eden marry show talks with Charlie Sandlan about the two year acting program and acting classes at the studio

Eden Marryshow at ABFF Awards – Professional Acting Programs – Maggie Flanigan Studio – (917) 789-1599

Charlie: I remember you talking–

Eden: Yes. We are going to complete — We were editing, finishing, trying to finish up the editing of Bruce and I had ¢53 in the bank, and we owed about almost $6,000 in rent. We have never been late in our rent before, ever. Cesa is like, “Eden, you know you’re going to have to get, probably, have to get a job.” And I hadn’t had a job in years because I’ve been working as an actor, which is amazing. Doing like dream big, go hard.

I was like, “Oh man. I have to get a job, and figure this out.” but I wanted to finish my movie. So, I’m talking to my friend, one day, and I look in her eyes, like literally that afternoon, I look in her eyes and I’m telling the story and there’s something in her eyes that was just like, no, and I was like you’d be a hypocrite. I was like I’m going to do the only thing I know how to do, which is to go home and work on my film and trust that the universe will be there.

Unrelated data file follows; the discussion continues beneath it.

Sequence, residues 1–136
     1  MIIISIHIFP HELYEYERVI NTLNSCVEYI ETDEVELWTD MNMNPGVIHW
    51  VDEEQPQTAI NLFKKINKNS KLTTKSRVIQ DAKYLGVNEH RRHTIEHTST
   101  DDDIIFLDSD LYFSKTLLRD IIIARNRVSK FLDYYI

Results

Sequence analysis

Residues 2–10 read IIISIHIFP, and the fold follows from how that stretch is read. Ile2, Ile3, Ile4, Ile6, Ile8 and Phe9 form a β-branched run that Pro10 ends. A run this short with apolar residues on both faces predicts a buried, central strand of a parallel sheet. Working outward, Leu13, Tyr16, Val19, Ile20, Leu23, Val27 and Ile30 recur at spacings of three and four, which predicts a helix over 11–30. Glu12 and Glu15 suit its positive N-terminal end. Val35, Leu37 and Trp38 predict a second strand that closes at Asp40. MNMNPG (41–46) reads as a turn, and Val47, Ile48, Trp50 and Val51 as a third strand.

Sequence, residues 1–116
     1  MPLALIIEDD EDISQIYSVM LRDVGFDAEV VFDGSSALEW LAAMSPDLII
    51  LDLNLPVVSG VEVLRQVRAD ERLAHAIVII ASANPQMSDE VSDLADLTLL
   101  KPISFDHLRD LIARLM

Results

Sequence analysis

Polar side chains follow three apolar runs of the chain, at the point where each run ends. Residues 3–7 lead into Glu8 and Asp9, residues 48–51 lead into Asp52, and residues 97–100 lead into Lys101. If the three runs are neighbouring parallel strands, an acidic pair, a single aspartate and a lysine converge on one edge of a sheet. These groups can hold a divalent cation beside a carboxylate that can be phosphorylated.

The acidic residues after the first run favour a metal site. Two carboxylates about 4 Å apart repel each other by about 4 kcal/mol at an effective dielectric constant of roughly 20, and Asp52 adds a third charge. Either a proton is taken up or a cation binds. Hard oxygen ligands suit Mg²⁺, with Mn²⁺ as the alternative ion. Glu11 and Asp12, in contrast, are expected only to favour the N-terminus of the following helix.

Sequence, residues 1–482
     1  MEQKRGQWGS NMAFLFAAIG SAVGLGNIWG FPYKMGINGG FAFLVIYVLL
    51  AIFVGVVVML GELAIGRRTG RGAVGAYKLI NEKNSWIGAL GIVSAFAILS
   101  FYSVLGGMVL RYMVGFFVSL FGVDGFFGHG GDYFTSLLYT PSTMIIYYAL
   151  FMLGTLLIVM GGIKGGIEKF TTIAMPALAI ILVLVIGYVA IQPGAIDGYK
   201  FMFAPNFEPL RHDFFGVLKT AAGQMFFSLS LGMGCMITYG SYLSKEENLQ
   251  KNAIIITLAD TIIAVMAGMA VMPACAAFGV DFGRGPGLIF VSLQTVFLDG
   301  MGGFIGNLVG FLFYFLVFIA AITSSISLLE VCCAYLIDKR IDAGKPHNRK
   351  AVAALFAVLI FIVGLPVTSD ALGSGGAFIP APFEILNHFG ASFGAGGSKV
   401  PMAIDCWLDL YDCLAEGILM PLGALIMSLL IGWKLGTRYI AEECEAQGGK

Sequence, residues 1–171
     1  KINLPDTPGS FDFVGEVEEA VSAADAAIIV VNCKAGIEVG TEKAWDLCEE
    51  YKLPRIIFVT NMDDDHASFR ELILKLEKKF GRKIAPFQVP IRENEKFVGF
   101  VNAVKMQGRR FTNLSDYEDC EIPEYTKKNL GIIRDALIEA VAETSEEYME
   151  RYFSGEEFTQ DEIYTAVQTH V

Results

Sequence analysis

Long story a little shorter, I get a call to go on a voice over audition. I end up booking in like the next three days, a National Bacardi spot. Voice over became like the voice of Bacardi, for that season. That was it, it just happens. I’m not special. I mean I’m special, but we’re all special. It’s not like, it’s not rocket science, it’s just idea, the scariest thing is to jump in. If you do it it will happen, if you’re watching television and you’re like this guy’s a hack, or this woman’s a hack, or this one has no talent, you shut the f*** up and do something.